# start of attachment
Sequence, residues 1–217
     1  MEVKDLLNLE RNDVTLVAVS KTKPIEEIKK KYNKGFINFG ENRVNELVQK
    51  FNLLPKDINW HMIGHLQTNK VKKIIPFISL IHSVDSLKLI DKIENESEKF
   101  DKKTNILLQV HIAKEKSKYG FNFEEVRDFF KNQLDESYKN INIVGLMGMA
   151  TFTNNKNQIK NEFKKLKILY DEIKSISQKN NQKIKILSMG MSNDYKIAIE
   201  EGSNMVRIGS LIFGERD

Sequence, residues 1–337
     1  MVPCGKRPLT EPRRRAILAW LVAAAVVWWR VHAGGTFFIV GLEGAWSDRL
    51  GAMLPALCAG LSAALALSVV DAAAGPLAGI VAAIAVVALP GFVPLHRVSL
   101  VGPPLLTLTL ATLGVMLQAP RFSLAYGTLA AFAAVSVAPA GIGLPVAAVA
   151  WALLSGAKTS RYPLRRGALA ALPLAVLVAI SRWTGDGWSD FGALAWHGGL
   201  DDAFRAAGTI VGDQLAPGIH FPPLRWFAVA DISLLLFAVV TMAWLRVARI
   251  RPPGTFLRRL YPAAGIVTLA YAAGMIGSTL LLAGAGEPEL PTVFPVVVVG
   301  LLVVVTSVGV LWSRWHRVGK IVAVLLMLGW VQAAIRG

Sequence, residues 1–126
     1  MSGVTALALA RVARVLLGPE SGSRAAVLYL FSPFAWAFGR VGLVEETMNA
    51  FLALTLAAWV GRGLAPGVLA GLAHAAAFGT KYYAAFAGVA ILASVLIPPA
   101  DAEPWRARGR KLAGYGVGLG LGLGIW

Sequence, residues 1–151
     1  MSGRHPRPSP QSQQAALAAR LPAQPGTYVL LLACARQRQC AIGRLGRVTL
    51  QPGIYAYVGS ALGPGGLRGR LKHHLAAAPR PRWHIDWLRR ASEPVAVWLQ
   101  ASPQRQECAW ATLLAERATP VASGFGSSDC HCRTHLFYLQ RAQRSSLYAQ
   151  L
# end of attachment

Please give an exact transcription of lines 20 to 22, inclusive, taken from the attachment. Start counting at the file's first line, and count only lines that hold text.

     1  MSGRHPRPSP QSQQAALAAR LPAQPGTYVL LLACARQRQC AIGRLGRVTL
    51  QPGIYAYVGS ALGPGGLRGR LKHHLAAAPR PRWHIDWLRR ASEPVAVWLQ
   101  ASPQRQECAW ATLLAERATP VASGFGSSDC HCRTHLFYLQ RAQRSSLYAQ